2016 Isuzu MU-X LS-T 4x4 Review

Rating: 7.0
$30,430 $36,190 Dealer
  • Fuel Economy
  • Engine Power
  • CO2 Emissions
  • ANCAP Rating
It's one of the best-selling 4x4 SUVs on the market, so what makes the Isuzu MU-X so appealing?
- shares

Sales of large SUVs are on the rise, and not just urban-centric family haulers. Big, tough, off-road capable SUVs make up about 40 per cent of segment sales, and that number is growing.

While the Toyota Landcruiser and Prado sit atop the sales ladder, the Isuzu MU-X comes in a very respectable, and very surprising, third.

Launched here in 2014, the MU-X has been the quiet achiever of the SUV set, now eclipsing sales of more established names like Pajero, Patrol and Pathfinder.

There are three trim grades in the MU-X line-up, and our test car is the top-specification $53,500 2016 Isuzu MU-X LS-T 4x4.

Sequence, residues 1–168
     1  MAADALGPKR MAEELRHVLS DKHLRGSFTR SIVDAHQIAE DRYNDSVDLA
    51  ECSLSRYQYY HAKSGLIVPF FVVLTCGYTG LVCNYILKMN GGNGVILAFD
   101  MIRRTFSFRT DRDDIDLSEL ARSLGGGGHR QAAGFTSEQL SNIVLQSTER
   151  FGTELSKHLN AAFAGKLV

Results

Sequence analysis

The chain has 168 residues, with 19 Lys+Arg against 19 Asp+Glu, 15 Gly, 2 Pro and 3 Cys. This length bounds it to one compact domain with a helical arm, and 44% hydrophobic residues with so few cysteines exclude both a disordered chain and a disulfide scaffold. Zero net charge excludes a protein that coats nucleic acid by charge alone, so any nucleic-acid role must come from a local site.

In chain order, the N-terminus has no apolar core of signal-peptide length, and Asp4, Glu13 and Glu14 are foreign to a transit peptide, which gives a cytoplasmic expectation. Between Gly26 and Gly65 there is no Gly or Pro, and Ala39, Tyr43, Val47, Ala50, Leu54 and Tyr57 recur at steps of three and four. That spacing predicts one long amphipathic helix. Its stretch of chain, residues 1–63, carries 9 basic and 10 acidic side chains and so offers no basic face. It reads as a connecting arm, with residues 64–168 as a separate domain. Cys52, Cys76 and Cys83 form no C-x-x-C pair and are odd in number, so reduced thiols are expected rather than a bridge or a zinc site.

Think about it, Australia is a landmass that covers some 7.7 million square kilometres where roughly 80 per cent of the 820,000-kilometre road network is unpaved. Throw in any travel that actually occurs ‘off road’ and you can start to see why a proper 4x4 makes sense.

A big country means big distances, and the Isuzu’s reliable 3.0-litre turbo-diesel truck engine and seven-seat family practicality seem to be the right mix that buyers are looking for.

It’s no futuristic, whiz-bang design study, though - the MU-X gets by on its honest capability and solid value, proving that you can’t beat the basics.